Ryanair has lost a libel case it brought when the Supreme Court in Spain deemed that a consumer association was within its rights to call the airline “the lowest of the low” which “swindled and mocked its passengers”.
A panel of judges ruled that the group had made reasonable use of its right to freedom of expressing in defending consumers. The panel went further by saying that such “offensive comments” were justified because Ryanair’s “commercial practices have generated a notorious degree of dissent” among consumers.
The group, Facua, had criticised the way passengers had been treated by the carrier in a series of press statements, articles and comments made on radio shows.
Facua once dubbed Ryanair the “worst company of the year”.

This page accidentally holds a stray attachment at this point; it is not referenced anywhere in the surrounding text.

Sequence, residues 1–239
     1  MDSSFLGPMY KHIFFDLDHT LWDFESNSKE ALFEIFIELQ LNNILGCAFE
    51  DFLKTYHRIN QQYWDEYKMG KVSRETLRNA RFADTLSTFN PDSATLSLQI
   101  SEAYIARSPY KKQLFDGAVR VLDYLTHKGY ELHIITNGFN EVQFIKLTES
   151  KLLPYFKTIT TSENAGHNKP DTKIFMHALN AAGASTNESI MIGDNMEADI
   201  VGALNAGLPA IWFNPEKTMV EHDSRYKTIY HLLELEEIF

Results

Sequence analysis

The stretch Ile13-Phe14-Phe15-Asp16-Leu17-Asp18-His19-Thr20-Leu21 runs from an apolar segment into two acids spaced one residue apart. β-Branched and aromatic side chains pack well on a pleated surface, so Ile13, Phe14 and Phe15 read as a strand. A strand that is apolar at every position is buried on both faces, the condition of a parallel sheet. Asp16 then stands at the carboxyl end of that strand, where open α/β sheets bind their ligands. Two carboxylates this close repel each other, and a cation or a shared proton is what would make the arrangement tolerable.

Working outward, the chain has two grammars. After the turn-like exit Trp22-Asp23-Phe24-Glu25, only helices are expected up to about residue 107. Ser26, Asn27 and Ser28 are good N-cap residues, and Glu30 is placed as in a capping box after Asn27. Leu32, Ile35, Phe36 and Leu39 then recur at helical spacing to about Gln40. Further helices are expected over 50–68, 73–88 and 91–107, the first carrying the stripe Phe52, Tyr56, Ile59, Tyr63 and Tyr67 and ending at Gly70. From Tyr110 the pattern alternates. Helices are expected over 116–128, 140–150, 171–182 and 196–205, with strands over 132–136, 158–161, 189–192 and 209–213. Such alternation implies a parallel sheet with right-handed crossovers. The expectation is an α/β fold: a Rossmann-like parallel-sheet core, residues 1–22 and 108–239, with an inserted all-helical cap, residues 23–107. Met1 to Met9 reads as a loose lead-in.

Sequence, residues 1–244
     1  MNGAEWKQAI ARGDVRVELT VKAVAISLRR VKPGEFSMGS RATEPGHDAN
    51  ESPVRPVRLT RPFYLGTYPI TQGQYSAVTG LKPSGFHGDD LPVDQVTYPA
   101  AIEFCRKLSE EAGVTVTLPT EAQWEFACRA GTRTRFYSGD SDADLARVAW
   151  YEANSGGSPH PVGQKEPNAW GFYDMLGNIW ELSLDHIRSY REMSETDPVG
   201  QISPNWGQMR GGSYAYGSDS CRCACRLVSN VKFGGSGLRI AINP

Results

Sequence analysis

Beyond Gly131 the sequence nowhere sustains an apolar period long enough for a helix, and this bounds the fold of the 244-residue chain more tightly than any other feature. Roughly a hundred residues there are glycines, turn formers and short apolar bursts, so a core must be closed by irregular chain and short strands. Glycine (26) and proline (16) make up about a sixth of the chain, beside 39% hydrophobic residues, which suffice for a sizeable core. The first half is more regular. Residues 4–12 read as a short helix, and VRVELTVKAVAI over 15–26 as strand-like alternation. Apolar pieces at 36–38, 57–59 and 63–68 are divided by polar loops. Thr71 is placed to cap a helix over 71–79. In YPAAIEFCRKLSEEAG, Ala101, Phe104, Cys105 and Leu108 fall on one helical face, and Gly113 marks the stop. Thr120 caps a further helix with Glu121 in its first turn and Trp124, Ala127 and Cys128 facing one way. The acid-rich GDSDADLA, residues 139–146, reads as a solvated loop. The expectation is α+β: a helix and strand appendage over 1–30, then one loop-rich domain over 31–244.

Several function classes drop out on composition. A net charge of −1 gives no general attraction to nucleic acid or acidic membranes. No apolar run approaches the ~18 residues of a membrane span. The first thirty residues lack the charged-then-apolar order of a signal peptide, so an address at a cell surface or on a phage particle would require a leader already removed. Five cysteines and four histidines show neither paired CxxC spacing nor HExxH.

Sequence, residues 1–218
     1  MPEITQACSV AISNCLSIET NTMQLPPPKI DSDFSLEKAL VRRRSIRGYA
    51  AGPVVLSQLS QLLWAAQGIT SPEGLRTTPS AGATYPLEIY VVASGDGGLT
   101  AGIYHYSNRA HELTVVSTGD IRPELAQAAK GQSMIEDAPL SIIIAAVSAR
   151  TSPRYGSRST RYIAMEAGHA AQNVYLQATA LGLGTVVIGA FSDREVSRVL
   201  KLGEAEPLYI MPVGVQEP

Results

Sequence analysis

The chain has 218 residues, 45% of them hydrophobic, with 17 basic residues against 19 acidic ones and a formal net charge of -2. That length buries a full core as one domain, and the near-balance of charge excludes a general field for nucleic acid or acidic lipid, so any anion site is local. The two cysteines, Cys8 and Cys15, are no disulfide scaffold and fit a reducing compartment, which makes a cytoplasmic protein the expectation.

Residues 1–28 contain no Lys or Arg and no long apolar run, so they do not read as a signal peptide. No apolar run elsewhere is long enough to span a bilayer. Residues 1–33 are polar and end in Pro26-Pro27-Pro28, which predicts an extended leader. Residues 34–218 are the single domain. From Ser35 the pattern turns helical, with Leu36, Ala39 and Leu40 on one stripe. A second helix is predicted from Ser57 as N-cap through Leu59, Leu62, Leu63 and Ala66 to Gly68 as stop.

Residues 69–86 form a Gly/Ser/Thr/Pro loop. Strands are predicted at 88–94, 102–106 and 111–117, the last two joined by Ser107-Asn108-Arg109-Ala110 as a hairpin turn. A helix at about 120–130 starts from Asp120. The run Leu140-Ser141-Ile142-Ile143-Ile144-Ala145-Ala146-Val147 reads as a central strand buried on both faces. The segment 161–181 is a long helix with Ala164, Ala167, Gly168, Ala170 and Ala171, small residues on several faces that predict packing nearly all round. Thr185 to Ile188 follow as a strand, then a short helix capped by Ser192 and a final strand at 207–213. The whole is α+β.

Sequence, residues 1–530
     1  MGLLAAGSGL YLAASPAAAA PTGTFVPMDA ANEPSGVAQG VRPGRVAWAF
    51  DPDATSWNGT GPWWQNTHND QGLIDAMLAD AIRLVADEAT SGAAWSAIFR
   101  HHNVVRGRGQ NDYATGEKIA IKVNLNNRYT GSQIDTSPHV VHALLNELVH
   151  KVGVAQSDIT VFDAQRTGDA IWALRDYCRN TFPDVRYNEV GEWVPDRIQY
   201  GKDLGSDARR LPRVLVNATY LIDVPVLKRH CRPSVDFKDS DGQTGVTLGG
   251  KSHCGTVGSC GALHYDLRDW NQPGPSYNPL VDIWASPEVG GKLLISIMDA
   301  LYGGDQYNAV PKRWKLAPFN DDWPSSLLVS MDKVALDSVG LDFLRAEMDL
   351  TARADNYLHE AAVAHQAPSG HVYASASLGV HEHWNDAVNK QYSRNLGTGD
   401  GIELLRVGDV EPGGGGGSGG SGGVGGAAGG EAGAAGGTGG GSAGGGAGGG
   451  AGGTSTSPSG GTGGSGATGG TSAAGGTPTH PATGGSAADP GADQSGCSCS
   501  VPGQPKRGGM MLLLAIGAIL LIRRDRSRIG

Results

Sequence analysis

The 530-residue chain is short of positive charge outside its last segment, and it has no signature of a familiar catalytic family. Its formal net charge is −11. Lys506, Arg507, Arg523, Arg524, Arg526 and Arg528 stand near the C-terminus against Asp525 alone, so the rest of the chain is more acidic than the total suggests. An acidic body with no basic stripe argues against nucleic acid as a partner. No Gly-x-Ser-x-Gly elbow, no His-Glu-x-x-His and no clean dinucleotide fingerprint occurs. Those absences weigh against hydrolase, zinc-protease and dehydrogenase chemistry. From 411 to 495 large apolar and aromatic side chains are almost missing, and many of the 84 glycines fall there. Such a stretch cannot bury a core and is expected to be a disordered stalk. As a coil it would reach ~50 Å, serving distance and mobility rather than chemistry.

The initial trial was held in Seville in 2012. There it was argued that the association was within its rights to defend consumers by talking about passenger complaints which the airline had not been able to disprove. The court found in Facua’s favour and Ryanair appealed twice against the decision.
Ryanair was also ordered to pay costs.
This was not the first time Ryanair challenged statements from Facua. In 2013 the airline lost a defamation claim against the group after it criticised Ryanair for a series in 2012 of incidents involving priority landings, reportedly due to fuel shortages.
Ryanair had sued Facua over a statement criticising the airline for “a policy of saving money in areas related to safety [which] put the lives of its passengers at stake”.